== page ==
Naomi: How to Bogota
- Recommended Expat Blogs: Colombia
- Chris: See Colombia Travel
- Michael and Graciela: Michael and Graciela
- Katrin: Cartagena Gringa
- Richard: Richard McColl
- David: Medellin Living
- Courtenay: Barranquilla or Bust
- Karen: Flavors of Bogota
- Patrick: The Cali Adventurer
- Marcello: Wandering Trader
- Danielle: No Longer Native
Please tell us a little bit about yourself. Who you are, where you come from, when you moved to Colombia, etc.
I'm Naomi from south-east London, UK, and I moved to Bogotá, Colombia, in October 2013 for reasons of the heart (his name’s Javier J). I am now settled in Bogotá and work as an English teacher at the British Council, freelance translator, proof-reader and writer.
When and why did you decide to start blogging about your experiences?
During the first month or so in Bogotá, I felt disorientated and overwhelmed, to say the least and I really could have done with a 'Bogotá handbook' to help me find my way in this chaotic metropolis! So once I was more or less settled in, I decided to start this blog about life in Bogotá, offering up tips and commentaries on my experience here which I definitely would have found useful in the beginning!
Do you have any favorite blog entries of yours?
Based on the questions I’m asked by my blog readers, I think these would be good ones to start off with on the blog:
- Teaching English in Bogotá
- Where to live in Bogotá
- Is Bogotá safe? 13 safety tips
- How to spend 48 hours in Bogotá
- And my personal favourite (which was also recently published in the anthology Was Gabo an Irishman? Tales from Gabriel García Marquez’s Colombia) – Car Horns and Cacophony
Tell us about the ways your new life in Colombia differs from that back home. Did you have trouble getting used to the new circumstances? Did you experience culture shock?
Moving away from London, my friends, and my family was a big change for me, and Bogotá, apart from being a big city, is different from London in many ways. The language, the food, the music, the sky, the streets, the cost of living were all different; some things for better, some for worse. It took me a long time to adapt to my new life in Bogotá and to start to feel settled. Culture shock, I realized, consists of various stages, and I think I can say I went through all of these, which I discuss in my post on the Stages of Culture Shock.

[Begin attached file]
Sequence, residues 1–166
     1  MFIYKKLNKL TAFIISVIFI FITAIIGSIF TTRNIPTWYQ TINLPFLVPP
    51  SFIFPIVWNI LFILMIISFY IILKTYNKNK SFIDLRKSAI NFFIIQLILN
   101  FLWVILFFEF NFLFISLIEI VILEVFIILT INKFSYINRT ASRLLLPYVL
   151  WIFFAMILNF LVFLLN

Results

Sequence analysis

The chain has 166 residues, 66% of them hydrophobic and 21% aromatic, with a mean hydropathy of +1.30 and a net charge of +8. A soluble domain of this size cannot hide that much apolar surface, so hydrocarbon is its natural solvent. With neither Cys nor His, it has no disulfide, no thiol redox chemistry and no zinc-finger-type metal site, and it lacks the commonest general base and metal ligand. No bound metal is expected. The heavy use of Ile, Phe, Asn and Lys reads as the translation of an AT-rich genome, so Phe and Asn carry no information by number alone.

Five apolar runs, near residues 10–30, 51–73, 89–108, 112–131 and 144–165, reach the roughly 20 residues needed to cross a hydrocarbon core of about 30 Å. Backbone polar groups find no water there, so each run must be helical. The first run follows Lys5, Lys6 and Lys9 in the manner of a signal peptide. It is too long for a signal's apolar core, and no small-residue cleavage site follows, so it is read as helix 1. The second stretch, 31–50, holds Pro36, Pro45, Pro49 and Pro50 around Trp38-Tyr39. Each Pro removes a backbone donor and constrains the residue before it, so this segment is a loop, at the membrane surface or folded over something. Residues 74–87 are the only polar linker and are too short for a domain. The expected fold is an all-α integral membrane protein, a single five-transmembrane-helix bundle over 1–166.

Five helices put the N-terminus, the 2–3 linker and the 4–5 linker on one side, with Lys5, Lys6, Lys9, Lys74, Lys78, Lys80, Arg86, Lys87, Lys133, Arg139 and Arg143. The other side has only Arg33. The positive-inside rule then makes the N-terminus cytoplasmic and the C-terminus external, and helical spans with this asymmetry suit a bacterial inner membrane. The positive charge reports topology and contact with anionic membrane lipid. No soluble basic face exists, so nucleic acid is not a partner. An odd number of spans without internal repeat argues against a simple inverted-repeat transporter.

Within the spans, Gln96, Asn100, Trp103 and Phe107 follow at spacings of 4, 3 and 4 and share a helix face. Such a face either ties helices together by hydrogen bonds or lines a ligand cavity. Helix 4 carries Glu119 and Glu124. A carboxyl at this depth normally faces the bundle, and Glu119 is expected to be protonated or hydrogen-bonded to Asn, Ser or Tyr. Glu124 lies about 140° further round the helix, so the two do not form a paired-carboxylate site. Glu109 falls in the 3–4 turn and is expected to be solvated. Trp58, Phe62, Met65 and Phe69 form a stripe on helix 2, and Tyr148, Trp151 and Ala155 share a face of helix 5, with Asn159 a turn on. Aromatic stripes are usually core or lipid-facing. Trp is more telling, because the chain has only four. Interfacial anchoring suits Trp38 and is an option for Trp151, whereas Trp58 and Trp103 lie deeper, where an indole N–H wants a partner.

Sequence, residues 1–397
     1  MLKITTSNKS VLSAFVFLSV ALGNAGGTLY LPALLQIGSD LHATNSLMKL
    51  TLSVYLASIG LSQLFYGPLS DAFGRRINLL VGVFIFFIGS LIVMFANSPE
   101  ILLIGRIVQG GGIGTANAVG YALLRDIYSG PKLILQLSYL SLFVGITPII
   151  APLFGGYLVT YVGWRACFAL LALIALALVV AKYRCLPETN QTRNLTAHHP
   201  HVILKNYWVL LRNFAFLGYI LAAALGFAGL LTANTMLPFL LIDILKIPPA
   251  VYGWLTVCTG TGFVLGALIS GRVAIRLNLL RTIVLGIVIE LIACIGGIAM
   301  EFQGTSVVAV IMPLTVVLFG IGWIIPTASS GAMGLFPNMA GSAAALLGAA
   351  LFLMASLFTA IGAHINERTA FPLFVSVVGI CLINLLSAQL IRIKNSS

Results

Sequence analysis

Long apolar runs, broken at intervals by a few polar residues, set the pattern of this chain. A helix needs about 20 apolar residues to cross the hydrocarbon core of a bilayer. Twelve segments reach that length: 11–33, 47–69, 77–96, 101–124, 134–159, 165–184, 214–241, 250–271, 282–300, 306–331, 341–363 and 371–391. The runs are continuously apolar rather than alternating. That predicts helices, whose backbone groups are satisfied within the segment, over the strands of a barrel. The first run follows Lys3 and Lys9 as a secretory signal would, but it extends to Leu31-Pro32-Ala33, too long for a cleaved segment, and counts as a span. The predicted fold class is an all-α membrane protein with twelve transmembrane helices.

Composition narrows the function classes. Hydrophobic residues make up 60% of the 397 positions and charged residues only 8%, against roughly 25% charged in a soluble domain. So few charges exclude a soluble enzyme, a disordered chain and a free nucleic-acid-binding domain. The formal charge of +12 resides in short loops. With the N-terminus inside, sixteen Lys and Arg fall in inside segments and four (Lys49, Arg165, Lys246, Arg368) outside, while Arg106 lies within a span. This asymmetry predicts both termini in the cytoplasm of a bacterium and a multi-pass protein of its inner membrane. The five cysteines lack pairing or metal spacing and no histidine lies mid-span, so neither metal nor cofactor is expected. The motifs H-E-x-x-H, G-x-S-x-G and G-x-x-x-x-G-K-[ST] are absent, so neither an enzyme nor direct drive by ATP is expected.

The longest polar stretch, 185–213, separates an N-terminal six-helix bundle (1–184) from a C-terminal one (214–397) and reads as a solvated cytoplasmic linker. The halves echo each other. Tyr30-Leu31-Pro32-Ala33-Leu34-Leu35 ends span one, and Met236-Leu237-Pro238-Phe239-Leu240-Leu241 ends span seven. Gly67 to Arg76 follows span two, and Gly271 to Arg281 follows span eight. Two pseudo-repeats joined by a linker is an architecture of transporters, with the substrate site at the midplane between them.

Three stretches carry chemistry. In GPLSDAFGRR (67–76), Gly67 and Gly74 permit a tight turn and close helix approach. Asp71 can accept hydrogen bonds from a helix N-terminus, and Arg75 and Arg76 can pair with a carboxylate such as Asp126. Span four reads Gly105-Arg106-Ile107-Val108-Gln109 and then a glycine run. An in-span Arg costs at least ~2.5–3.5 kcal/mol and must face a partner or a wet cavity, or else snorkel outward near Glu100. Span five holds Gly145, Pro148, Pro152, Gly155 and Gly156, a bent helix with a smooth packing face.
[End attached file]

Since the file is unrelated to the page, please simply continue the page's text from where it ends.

Do you think you were fully prepared for what awaited you in Colombia? If you could, would you change some decisions/preparations you made?
I knew it would be a big change and that I would need time to adapt and orientate myself, but it did take me longer than I thought it would to figure everything out, and come to terms with the challenges I faced — travelling every day on public transport, having regular stomach upsets because of the change in diet, navigating the city and remembering which areas to avoid, working out how to deal with banks, realtors, taxi drivers, doctors… It was a huge learning curve which I was mostly unprepared for, but I’m not sure I could have changed anything beforehand to have made myself more prepared. It was the main reason I decided to start my blog, as a way of helping other newcomers!
Every expat knows that expat life comes with some hilarious anecdotes and funny experiences. Care to share one with us?
All I will say is: Never let a doctor inject a large dose of penicillin into your backside unless you have a life-threatening bacterial infection, and certainly not for tonsillitis. Unless you want a pain in the a** for the next month.
Which three tips would you like to give future expats before they embark on their new life in Colombia?
- Be prepared to be very patient — the pace of work (and sense of urgency… or lack thereof) is very different in Colombia.
- Learn the basics in Spanish; most Colombians do not speak English, so it will help you out a lot.
- If you plan to work here, bring notarized copies of your degree certificates; it will save you a lot of hassle later.
How is the expat community in Colombia? Did you have a hard time finding like-minded people or fellow expats?
There is a large expat community in Colombia, and particularly in Bogotá where I live. InterNations is a great place to start if you want to meet people, and they regularly organize social events, including nights out and wine-tasting! Gringo Tuesdays at La Villa and the Wednesday Speakeasy at El Candelario are also great weekly events for meeting people — and to practise your newly-acquired Spanish phrases!
How would you summarize your expat life in Colombia in a single, catchy sentence?